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Pol/Econ: Death of the Maverick
Tuesday, 03 July 2007 Written by Alexander G. Rubio
There is a Shakespearean tragic quality to the fate of Senator John McCain which is missing from his one time rival for the Presidency of the United States, George W. Bush. Bush's dominant character traits, whether plain stupidity, or sheer pigheadedness, do not lend themselves to high personal drama. McCain, on the other hand, could have had it all, but was, in the end, brought low by tragic misjudgement and his own character flaws.

For a while, back in the days of the Republican Party primary running up to the 2000 presidential elections, it looked like it would be the maverick Senator from Arizona, and not George Bush, who would go on to face Vice-president Al Gore in the general election. His "Straight Talk Express" had the press thoroughly charmed. And his bipartisan image appealed to many in the wake of the bitter trench warfare of the Clinton-Lewinsky affair. A war hero who had spent years in North Vietnamese captivity, an experienced legislator, and a politician with a reputation for reaching across the aisle, he seemed the perfect choice to heal the widening rift in the American body politic.

But it was not to be. As the South Carolina primary came around, the machinery of Bush's election mastermind, Karl Rove, had kicked into gear. Smears, innuendo, and outright lies, were disseminated to the voting public with Machiavellian skill and ruthlessness. And Bush ended up triumphant. The tactics employed by the Bush campaign, including spreading the rumour, in this Southern state, that McCain's adopted Bangladeshi daughter was in fact his illegitimate child with a black woman, seemed to cement a deep loathing for the later president. Many expected McCain to move even further towards the role of the leader of the internal Republican Party opposition, and making another run for the presidency on a centrist platform, perhaps even as a de facto independent.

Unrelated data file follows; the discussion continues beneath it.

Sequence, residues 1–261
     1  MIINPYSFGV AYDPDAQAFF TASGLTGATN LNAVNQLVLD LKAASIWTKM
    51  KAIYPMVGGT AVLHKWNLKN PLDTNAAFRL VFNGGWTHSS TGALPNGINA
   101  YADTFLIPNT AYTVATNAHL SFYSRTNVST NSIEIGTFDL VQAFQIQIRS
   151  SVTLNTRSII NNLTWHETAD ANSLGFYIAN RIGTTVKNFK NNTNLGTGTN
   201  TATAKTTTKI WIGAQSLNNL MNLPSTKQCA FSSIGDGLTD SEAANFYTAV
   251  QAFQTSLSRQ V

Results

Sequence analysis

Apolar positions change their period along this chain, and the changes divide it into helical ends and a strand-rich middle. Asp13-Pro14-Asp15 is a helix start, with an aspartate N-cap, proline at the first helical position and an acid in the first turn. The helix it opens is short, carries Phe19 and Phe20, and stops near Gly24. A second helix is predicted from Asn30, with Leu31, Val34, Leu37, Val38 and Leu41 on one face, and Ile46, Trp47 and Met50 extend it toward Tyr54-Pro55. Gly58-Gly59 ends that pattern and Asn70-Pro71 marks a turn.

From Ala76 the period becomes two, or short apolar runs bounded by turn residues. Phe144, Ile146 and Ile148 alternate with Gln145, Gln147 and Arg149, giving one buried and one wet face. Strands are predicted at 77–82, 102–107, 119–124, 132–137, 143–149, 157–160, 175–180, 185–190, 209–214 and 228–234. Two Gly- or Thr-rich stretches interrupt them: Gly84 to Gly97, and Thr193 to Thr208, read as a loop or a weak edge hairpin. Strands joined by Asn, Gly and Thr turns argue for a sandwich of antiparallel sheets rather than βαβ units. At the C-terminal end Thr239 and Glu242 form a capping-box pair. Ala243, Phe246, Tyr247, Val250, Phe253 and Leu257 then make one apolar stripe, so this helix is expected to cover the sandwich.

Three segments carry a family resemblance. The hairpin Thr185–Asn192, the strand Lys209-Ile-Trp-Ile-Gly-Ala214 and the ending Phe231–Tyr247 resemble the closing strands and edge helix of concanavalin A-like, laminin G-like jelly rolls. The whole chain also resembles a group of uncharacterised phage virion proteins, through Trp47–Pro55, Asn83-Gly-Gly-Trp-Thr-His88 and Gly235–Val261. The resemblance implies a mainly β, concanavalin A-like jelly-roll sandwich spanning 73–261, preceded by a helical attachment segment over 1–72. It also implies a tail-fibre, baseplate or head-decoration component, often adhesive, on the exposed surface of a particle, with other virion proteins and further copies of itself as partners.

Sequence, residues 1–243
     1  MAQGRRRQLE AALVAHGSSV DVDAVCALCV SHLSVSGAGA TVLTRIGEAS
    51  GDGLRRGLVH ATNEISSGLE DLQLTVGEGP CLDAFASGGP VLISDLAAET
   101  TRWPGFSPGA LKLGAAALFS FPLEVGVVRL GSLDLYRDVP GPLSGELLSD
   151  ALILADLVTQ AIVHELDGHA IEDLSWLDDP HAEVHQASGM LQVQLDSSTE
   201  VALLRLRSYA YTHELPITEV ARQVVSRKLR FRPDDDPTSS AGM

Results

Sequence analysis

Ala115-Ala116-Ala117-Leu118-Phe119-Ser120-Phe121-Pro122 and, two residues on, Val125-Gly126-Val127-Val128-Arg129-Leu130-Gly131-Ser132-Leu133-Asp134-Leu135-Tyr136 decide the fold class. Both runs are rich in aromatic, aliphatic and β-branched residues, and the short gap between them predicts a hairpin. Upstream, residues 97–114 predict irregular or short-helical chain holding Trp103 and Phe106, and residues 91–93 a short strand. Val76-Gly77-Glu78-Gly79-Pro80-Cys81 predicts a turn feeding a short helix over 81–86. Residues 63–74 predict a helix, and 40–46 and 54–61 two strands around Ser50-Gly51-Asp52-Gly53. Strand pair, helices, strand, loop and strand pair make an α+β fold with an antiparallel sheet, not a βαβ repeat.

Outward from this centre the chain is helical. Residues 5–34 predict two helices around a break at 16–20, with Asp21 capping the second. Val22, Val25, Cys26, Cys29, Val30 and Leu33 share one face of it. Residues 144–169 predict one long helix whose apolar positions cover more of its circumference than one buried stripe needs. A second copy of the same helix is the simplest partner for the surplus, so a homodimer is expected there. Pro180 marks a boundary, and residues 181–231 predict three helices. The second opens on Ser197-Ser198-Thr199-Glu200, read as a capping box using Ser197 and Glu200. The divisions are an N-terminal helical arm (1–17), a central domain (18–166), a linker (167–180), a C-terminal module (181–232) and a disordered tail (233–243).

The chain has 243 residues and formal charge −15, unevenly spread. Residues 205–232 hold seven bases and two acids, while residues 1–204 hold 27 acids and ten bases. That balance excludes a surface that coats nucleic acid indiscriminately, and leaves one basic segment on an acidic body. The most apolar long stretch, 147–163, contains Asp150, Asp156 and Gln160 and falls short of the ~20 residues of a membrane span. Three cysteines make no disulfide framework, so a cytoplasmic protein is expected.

There is no way of knowing how viable such a strategy would have been. Third party campaigns for the White House, lacking the backing of an established party machinery, and more often than not with limited funds, are notoriously Quixotic undertakings. However, paired with an independently wealthy Vice-presidential candidate on the ticket, such as the centrist mayor of New York, Michael Bloomberg, who is now contemplating a bid for the office himself, such a bid might well have been a formidable one under the current circumstances. But conventional wisdom pointed to such a strategy being a long shot, at best. The safer route to the presidency seemed to run through the Republican primary.

There was however a big problem. Following Nixon's Southern strategy, which had started the process of turning the once solidly Democratic South, still carrying a grudge against Lincoln's Civil War Republican Party after all these years, into a Republican stronghold, and Reagan's alliance with what was to become the Religious Right, the bedrock of the Party, the activist base, and the most motivated primary voters, were deeply hostile towards what they saw as McCain's socially liberal stances on such core issues as abortion and the separation of church and state.